While the Andean nation’s Finance Ministry forecast 3% growth for the period, GDP expanded just 2.8%, and officials told Bloomberg, 0.3% over the prior quarter.
The news service said the median forecast of 29 economists it surveyed projected growth of 2.7%.
While coal definitely had an impact on the world’s fourth-largest tonnage exporter, Colombia’s performance during the first quarter compares to a 4.8% expansion in Peru, 4.1% in Chile and just 0.8% in Mexico.
President Juan Manuel Santos announced a 5 trillion peso ($US2.6 billion) stimulus package in April aimed at “reactivating” Colombia’s industrial sector and increasing growth this year by 0.7%.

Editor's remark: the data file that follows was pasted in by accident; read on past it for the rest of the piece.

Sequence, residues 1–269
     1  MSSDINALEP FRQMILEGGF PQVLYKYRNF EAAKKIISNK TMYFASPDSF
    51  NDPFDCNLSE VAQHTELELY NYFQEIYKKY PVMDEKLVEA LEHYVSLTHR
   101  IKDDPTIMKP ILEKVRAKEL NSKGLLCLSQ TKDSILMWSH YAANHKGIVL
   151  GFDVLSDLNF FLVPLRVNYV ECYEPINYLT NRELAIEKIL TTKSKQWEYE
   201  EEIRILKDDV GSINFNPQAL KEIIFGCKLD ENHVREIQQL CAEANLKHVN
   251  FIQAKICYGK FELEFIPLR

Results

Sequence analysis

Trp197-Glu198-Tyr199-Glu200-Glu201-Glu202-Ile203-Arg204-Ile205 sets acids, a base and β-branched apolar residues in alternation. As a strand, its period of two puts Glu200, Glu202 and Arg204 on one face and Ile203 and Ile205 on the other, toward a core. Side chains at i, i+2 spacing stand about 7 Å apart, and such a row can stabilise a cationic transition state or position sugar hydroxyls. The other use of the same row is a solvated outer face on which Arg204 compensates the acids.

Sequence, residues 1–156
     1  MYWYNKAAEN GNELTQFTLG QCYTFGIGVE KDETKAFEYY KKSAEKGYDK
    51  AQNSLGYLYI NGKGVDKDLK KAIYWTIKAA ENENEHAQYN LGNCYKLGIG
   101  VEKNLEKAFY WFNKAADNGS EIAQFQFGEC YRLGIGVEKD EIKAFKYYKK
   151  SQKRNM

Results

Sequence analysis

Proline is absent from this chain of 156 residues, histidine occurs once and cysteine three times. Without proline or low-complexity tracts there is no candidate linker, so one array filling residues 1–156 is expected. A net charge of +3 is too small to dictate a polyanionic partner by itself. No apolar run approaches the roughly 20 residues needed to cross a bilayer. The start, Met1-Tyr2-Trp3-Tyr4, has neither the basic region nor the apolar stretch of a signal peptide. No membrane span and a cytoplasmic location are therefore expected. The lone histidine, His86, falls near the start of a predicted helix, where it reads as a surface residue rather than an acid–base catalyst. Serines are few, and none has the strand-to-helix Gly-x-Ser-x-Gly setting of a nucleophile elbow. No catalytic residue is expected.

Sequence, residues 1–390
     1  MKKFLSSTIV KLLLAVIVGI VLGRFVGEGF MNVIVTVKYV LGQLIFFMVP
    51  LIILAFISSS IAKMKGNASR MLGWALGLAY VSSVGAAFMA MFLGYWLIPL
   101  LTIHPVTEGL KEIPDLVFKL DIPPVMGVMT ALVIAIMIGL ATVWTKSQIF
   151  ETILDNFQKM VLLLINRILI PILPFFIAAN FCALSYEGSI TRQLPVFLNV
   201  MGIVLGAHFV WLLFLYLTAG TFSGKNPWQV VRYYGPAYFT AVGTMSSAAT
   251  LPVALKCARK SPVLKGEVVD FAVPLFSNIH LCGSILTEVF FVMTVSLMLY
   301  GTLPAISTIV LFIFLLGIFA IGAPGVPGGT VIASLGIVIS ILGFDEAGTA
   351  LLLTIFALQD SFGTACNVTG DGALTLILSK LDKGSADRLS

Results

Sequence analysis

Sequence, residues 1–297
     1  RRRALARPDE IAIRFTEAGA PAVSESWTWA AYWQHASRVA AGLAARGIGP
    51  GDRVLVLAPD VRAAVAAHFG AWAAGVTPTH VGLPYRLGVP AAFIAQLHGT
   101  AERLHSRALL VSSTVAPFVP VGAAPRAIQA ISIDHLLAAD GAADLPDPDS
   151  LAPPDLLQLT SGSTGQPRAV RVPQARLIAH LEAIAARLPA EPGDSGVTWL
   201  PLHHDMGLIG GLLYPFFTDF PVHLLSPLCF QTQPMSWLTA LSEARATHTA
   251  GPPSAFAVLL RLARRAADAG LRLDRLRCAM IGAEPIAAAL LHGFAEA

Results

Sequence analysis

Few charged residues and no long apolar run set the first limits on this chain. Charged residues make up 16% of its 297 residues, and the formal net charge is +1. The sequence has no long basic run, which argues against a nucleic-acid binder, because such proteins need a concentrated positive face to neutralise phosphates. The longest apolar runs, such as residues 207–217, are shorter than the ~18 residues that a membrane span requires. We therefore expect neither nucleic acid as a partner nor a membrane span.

Annual inflation totaled 2% in May, at the lower end of the central bank’s target range, Bloomberg said.
Meanwhile, finance minister Mauricio Cardenas said earlier this month that the country’s economy could grow 4.6% annually without overheating.
That itself is down from a previous projection of 4.8%.
Coal is down an estimated 21% from a year ago due to a pay dispute at Cerrejon earlier this year that resulted in a strike that lasted more than a month.
Not helping matters was the suspension of producer Drummond Colombia’s loading license while the government investigated allegations the company dumped coal into the sea to avoid the sinking of a vessel.
Coal is Colombia’s second largest export commodity after oil.